The million-copy bestseller, which is a ground-breaking meditation on war, memory, imagination, and the redemptive power of storytelling.
‘The Things They Carried’ is, on its surface, a sequence of award-winning stories about the madness of the Vietnam War; at the same time it has the cumulative power and unity of a novel, with recurring characters and interwoven strands of plot and theme.
But while Vietnam is central to ‘The Things They Carried’, it is not simply a book about war. It is also a book about the human heart – about the terrible weight of those things we carry through our lives.
‘One of the best war books of this century, an unflinching attempt to illuminate both its obscene physical brutality and the terrible mental overload’ Guardian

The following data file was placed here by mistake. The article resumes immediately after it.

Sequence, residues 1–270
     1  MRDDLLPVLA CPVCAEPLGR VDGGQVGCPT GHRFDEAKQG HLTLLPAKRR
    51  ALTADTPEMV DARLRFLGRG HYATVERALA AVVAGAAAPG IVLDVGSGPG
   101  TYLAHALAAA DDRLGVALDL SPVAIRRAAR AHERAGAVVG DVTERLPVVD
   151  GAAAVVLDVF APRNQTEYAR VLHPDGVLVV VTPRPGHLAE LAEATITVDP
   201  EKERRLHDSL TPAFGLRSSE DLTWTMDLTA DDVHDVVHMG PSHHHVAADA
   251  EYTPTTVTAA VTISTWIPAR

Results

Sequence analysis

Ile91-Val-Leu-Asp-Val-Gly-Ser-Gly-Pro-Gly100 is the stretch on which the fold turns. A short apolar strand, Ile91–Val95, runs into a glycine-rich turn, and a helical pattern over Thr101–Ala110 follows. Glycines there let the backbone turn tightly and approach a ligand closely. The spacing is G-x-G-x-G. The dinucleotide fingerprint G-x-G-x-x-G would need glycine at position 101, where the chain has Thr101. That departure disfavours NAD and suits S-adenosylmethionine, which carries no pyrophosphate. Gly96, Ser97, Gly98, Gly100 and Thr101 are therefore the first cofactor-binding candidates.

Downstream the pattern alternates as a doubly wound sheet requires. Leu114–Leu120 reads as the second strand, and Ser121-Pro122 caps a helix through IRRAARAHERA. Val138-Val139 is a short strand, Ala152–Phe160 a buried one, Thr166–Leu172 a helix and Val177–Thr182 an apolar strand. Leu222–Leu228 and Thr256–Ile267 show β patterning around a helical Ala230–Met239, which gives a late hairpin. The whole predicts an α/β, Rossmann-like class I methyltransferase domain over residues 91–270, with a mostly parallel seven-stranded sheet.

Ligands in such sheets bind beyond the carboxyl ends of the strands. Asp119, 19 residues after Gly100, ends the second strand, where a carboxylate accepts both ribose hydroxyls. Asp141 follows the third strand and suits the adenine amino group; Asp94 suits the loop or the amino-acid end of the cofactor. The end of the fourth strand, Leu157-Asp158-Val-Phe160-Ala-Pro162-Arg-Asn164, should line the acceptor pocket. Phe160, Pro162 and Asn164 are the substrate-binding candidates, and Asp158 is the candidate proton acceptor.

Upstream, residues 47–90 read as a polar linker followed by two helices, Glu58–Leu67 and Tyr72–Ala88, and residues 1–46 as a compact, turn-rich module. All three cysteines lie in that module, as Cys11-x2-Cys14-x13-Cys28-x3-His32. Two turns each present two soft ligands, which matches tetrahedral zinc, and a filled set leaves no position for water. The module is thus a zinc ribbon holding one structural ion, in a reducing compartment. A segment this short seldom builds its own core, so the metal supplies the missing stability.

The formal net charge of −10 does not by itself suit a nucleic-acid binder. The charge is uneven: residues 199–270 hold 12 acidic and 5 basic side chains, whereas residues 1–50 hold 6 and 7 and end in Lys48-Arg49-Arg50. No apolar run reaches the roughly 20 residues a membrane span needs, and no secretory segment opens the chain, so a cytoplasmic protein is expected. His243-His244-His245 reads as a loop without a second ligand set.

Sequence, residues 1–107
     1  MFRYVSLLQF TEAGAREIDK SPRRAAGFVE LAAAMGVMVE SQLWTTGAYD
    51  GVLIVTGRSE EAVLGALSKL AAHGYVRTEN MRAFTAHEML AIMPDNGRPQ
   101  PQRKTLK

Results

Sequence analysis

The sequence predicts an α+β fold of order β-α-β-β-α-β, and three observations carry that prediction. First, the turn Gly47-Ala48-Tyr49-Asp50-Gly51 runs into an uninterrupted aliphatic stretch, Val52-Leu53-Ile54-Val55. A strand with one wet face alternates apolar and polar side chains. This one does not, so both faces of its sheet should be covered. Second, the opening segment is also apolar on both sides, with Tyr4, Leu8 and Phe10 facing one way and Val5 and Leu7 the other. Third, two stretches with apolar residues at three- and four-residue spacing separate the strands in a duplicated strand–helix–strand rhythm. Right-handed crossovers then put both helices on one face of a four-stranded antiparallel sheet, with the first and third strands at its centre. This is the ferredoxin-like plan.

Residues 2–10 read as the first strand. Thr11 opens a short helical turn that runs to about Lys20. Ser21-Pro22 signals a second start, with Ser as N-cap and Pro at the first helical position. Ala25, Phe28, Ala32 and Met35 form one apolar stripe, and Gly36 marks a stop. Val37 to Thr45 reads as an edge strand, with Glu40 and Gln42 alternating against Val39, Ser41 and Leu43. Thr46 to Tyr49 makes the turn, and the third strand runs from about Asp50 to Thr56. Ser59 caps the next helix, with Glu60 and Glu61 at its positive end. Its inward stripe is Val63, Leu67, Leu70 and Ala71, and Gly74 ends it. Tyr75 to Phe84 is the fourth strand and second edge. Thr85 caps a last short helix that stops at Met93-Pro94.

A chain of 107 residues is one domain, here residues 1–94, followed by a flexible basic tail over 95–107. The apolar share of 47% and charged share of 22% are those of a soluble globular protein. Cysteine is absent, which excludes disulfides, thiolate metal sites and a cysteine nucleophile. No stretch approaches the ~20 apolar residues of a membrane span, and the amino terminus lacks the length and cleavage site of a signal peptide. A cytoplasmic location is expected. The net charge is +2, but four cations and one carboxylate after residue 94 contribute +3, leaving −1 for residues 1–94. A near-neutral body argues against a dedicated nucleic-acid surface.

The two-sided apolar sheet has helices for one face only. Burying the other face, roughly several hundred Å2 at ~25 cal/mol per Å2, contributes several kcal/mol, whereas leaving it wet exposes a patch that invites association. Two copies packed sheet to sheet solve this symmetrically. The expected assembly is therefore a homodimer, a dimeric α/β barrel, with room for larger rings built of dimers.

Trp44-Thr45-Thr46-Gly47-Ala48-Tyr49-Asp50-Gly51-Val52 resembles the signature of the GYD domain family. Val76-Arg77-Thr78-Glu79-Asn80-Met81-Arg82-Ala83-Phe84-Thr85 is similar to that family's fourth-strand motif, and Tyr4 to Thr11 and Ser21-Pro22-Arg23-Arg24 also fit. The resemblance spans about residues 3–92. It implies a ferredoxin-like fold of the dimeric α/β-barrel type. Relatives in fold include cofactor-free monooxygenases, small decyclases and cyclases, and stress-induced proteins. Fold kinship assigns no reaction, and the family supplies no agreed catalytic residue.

‘A thrilling and beautiful distillation of everything that has been thought, felt, or said about the Vietnam War and its long afterburn. A heartbreaking and healing masterpiece; time will make it a classic’ Michael Herr, author of Dispatches
‘Essential…O’Brien captures the war’s pulsating rhythms and nerve-racking dangers…a stunning performance. The overall effect of these original tales is devastating’ New York Times
About the author
Tim O’Brien was born in Minnesota and served as a foot soldier in Vietnam from 1969 to 1970, and after graduate studies at Harvard worked as a reporter for the Washington Post. When ‘If I Die in a Combat Zone’ was published in 1973, it established him as one of the leading American writers of his generation, a status that was confirmed when ‘Going After Cacciato’ won the National Book Award for fiction.